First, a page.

PennVet | Fourth annual Microbiome Symposium features influential science writer Ed Yong
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Fourth annual Microbiome Symposium features influential science writer Ed Yong

By: John Donges Published: Mar 22, 2018

Ed Yong gives his talk, “I Contain Multitudes: The Microbes Within Us and a Grander View of Life.” Microbes are ubiquitous and vital to humans: they sculpt our organs, defend us from disease, break down our food, educate our immune systems, guide our behavior, bombard our genomes with their genes, and grant us incredible abilities. Much of the prevailing discussion around the microbiome focuses on its implications for human health, yet when we look at the animal kingdom through a microbial lens, even the most familiar parts of our lives take on a striking new air.

Last November, acclaimed science journalist Ed Yong discussed the hidden worlds of microbes, how they influence our lives, and how we might reshape them to improve our health during the fourth annual Microbiome Symposium, presented by Penn Vet’s Center for Host- Microbial Interactions (CHMI), the Perelman School of Medicine, and the PennCHOP Microbiome Program.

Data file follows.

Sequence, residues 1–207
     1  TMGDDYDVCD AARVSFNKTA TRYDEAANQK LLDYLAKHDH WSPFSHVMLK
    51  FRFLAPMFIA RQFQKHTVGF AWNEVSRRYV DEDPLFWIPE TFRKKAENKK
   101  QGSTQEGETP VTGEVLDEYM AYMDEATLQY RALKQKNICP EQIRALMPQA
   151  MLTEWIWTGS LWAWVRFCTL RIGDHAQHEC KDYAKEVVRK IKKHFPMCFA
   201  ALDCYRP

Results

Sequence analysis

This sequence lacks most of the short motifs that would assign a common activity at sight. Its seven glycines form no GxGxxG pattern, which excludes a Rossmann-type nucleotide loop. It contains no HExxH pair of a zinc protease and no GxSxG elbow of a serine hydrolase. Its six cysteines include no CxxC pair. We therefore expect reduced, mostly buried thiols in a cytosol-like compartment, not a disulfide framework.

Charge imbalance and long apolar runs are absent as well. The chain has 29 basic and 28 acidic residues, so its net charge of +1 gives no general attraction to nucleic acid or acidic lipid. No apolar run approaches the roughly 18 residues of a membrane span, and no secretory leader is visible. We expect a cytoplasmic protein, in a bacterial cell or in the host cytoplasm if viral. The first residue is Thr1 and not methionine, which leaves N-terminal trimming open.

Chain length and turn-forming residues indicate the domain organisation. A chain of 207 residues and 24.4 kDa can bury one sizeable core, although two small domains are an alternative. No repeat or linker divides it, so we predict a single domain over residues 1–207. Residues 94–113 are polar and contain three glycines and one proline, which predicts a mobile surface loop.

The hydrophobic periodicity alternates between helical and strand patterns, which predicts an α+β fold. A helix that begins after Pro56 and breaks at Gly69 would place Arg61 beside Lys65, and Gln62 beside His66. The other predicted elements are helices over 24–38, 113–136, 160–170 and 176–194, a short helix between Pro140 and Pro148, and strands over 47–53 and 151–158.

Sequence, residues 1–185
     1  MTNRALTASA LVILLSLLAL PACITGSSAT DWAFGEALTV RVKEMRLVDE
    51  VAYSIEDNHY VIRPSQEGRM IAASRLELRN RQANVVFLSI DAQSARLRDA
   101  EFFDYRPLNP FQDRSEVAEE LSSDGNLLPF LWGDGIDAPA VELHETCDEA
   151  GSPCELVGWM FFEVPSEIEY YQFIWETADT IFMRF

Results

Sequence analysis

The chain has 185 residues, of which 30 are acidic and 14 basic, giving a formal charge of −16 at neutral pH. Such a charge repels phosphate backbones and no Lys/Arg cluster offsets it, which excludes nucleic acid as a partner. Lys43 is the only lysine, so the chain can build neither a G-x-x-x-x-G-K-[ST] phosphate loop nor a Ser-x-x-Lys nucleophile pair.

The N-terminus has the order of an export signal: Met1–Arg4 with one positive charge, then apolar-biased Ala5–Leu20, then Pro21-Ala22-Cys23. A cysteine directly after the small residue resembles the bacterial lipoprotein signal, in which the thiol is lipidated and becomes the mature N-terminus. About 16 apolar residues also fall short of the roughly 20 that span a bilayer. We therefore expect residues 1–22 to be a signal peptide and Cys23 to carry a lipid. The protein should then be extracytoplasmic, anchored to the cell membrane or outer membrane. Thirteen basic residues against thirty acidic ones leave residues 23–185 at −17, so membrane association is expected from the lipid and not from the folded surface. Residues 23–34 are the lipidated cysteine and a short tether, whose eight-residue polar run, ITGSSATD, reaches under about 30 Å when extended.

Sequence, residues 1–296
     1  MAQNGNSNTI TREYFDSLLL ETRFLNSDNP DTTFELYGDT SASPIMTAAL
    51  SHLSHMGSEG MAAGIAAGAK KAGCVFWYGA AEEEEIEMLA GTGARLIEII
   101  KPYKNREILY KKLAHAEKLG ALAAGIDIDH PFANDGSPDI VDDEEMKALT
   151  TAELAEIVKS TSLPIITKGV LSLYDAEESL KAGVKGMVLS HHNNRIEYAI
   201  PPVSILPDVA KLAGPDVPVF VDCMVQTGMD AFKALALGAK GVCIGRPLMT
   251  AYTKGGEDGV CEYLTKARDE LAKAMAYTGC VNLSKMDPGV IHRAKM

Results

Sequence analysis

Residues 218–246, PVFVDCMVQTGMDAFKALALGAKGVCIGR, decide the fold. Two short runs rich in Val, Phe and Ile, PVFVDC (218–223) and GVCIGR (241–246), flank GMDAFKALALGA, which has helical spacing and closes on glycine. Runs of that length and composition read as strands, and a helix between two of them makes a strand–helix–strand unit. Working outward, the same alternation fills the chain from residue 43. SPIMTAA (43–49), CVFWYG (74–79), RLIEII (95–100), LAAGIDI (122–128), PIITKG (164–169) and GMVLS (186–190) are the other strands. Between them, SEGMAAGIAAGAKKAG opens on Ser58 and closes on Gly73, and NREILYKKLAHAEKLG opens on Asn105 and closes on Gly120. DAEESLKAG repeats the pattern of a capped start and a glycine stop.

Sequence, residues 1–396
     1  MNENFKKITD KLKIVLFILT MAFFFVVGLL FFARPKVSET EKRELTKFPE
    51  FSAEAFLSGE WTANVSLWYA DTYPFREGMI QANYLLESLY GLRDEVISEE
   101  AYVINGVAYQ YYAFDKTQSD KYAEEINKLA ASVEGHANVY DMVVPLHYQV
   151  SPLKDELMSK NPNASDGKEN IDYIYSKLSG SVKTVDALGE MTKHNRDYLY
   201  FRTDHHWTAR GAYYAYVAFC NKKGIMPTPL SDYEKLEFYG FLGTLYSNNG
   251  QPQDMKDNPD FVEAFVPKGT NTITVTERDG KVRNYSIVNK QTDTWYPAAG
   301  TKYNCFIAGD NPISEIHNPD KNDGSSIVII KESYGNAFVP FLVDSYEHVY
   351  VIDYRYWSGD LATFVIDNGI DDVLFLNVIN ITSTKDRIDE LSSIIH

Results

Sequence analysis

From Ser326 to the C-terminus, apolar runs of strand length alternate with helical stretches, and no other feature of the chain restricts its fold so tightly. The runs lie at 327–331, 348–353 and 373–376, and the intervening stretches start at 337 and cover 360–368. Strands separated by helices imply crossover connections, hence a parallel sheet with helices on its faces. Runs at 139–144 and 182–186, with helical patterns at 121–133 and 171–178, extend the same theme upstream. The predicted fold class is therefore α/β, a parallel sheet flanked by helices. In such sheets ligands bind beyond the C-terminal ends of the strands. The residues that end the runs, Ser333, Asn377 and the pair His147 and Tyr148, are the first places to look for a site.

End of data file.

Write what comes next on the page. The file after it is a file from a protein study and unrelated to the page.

The two-day symposium began with Yong’s talk, “I Contain Multitudes: The Microbes Within Us and a Grander View of Life,” at Penn Vet’s Hill Pavilion. Author of The New York Times best-selling book I Contain Multitudes, Yong reports for The Atlantic and has contributed to National Geographic, The New Yorker, Wired, Nature, New Scientist, and Scientific American, among other magazines. He has won a variety of awards, including the Michael E. DeBakey Journalism Award for biomedical reporting in 2016, the Byron H. Waksman Award for Excellence in the Public Communication of Life Sciences in 2016, and the National Academies Keck Science Communication Award in 2010 for his blog Not Exactly Rocket Science. His TED talk on mind-controlling parasites has been watched by more than 1.5 million people.

Speakers at the symposium also included Dr. Grace Aldrovandi, Chief of the Division of Pediatric Infectious Diseases at the University of California, Los Angeles; Dr. Laurie Comstock, Associate Microbiologist at Brigham and Women’s Hospital and Associate Professor of Medicine at Harvard Medical School; Dr. Gabriel Nunez, Co-Director of the Immunology & Host Response Program in the Department of Pathology, University of Michigan; Dr. Manuela Raffatellu, Professor in the Department of Pediatrics at the University of California, San Diego; and Dr. Cynthia Sears, Professor of Medicine at Johns Hopkins University.

The CHMI is designed to facilitate collaborative projects that leverage genomics to study the intersection of microbes and disease. In doing so, researchers gain insight into how bacteria, parasites, viruses, and other organisms interact with their animal and human hosts in ways that either maintain health or lead to disease.